As the NCAA Men’s Final Four kicked off in San Antonio Saturday, money poured into local hotels, restaurants, and retailers – not to mention the schools participating in the tournament, and the college athletics organization overseeing it all. But the one group not seeing any income were the players on the court.
Locally, an economic study projected that the Final Four would inject more than $185 million into the economy. About 70,000 people are expected to attend the championship game on Monday – between the University of Michigan and Villanova University, the culmination of three weeks and five rounds of televised games.
The NCAA’s television broadcast rights for the men’s basketball tournament was extended in 2016 for an additional $8.8 billion over eight years, ending in 2032. As for the athletes who compete on the hardwood, their compensation is typically limited to their tuition and cost of attendance, per NCAA rules.
Michigan’s fifth-year senior Duncan Robinson made note of the economic tensions that exist in college sports.
“I’ve kind of avoided answering this question my whole career. But the truth is I’m highly opinionated on it,” the 6-foot-8 Robinson said at a press conference Friday. “I think there are certainly some contradictions in college sports. And anybody that fails to acknowledge those is just turning their cheek to it.”
The most vocal proponents of so-called pay-for-play reform in the college ranks have been professional athletes – many of whom have recounted their struggles during college to pay for things like laundry and other basic needs.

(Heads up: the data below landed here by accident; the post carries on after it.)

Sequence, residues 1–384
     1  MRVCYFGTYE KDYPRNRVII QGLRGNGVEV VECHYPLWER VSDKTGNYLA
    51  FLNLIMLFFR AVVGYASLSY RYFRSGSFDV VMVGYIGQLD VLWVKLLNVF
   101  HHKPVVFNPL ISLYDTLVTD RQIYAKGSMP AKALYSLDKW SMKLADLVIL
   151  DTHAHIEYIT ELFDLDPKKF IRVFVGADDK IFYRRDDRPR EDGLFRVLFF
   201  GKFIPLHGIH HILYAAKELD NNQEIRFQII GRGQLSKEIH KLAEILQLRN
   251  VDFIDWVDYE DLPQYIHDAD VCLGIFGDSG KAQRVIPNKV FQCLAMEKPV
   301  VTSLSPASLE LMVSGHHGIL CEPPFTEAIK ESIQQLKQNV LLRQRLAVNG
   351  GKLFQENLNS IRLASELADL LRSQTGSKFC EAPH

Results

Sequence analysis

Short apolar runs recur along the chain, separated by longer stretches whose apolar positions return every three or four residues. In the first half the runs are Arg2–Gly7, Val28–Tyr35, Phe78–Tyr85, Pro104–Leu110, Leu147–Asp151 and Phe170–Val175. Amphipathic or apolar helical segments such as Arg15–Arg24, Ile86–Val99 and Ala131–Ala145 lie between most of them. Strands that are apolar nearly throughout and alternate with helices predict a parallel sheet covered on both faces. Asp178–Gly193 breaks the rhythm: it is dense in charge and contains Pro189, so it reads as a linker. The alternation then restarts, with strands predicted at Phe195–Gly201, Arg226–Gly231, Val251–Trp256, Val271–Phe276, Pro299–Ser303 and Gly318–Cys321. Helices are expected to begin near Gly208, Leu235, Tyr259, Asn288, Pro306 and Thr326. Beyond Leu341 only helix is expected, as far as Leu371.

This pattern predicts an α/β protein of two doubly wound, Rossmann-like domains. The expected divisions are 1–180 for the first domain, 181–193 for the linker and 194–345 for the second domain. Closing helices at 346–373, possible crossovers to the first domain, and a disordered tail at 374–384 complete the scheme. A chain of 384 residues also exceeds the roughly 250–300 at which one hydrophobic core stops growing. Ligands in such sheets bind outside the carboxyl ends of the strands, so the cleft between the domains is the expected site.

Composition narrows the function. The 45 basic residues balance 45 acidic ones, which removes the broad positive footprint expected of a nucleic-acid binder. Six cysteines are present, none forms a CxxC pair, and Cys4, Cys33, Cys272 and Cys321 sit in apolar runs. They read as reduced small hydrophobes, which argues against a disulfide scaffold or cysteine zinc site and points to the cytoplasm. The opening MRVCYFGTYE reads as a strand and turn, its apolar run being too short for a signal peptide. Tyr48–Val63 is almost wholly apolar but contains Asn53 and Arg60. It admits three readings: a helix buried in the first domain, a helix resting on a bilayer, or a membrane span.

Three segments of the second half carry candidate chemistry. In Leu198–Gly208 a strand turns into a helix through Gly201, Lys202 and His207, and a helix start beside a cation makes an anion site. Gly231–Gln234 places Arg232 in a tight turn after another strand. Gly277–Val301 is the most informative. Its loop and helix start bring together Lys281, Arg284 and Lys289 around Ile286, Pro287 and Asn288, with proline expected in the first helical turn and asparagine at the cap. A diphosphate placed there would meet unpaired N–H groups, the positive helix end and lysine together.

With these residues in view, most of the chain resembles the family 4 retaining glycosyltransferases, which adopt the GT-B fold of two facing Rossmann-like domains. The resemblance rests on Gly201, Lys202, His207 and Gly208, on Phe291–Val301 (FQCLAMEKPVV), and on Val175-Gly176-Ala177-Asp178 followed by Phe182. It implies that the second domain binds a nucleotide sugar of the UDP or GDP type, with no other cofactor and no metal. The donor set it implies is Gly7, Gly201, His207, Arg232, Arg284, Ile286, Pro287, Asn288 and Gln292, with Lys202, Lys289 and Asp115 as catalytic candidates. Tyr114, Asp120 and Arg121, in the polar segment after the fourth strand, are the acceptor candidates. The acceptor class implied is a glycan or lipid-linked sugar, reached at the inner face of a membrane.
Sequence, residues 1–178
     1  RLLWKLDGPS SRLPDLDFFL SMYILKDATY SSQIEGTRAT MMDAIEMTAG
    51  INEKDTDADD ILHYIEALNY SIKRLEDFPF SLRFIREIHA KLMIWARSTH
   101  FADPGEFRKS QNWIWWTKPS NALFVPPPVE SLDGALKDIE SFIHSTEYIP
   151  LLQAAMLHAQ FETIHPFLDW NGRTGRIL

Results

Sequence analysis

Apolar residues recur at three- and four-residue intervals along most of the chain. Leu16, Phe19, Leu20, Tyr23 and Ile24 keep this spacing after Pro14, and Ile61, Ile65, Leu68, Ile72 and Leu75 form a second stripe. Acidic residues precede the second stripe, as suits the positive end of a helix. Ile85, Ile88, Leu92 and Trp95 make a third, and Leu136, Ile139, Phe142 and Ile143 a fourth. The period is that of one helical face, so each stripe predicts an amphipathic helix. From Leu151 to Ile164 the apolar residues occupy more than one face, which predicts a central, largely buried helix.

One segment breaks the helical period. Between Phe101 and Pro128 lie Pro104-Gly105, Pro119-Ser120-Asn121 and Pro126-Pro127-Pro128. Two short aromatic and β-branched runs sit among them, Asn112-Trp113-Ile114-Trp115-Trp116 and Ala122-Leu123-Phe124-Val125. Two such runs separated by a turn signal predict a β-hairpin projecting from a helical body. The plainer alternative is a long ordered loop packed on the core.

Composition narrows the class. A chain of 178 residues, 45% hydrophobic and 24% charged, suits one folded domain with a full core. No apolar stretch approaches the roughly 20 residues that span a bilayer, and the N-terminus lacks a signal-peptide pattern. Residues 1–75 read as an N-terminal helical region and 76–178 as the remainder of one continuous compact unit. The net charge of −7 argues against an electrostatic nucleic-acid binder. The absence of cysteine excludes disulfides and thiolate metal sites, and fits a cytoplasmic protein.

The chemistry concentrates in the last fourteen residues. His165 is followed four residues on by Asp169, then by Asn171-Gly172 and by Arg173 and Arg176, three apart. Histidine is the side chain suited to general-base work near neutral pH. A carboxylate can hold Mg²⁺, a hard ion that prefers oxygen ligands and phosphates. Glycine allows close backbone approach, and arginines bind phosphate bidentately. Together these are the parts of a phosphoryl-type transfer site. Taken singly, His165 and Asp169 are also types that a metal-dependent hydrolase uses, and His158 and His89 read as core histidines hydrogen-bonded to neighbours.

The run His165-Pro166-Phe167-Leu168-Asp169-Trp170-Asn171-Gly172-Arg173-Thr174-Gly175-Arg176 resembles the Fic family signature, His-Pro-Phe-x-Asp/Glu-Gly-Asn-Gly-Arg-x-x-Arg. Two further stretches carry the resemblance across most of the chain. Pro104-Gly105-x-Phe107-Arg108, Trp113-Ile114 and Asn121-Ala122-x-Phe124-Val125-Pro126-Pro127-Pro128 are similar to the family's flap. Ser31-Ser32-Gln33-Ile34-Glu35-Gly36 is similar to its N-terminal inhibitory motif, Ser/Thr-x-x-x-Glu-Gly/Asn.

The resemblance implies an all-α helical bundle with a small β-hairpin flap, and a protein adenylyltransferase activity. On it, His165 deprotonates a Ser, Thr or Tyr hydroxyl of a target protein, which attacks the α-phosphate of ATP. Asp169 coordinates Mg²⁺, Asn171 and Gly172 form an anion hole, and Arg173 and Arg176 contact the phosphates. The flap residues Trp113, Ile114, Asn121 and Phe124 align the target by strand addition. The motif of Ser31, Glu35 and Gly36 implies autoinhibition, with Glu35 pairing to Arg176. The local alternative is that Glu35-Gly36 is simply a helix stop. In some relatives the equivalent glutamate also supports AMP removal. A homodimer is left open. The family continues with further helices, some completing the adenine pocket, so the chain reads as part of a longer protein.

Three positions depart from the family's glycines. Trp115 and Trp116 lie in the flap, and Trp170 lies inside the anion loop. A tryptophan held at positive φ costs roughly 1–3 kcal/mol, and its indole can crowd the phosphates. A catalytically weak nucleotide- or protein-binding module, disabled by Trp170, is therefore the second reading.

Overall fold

While the controversy isn’t new, the question of whether players in the multibillion-dollar enterprise that is the NCAA are entitled to compensation in addition to a college education is gaining more notice.
In December, a U.S. District Court in California is due to take up the question of whether players should be paid.
The NCAA has held firm that college athletes are amateurs and, thus, students first.
“Principles of amateurism and student-athlete well-being are critical to college sports,” the association said in a Friday statement. “We look forward to proving at trial that the rules are essential to providing educational opportunities to nearly half a million student-athletes.”
The judge who will hear the case is Claudia Wilken, who presided over a 2015 trial that resulted in a win for the plaintiff, ex-UCLA player Ed O’Bannon, in an antitrust case against the NCAA. Wilken’s ruling opened the door for universities to cover not just their athletes’ tuition but their full cost of attending school, including transportation, childcare needs, and unusual medical expenses.
The O’Bannon vs. NCAA case signaled a triumph for many college athletes, but to St. Mary’s University School of Law professor David Grenardo, the measures do not go far enough. Grenardo is one of the most vocal critics of the NCAA’s stance on paying players.
A former Rice University football player, Grenardo has been studying models that could be used to bring major college athletes into the free market.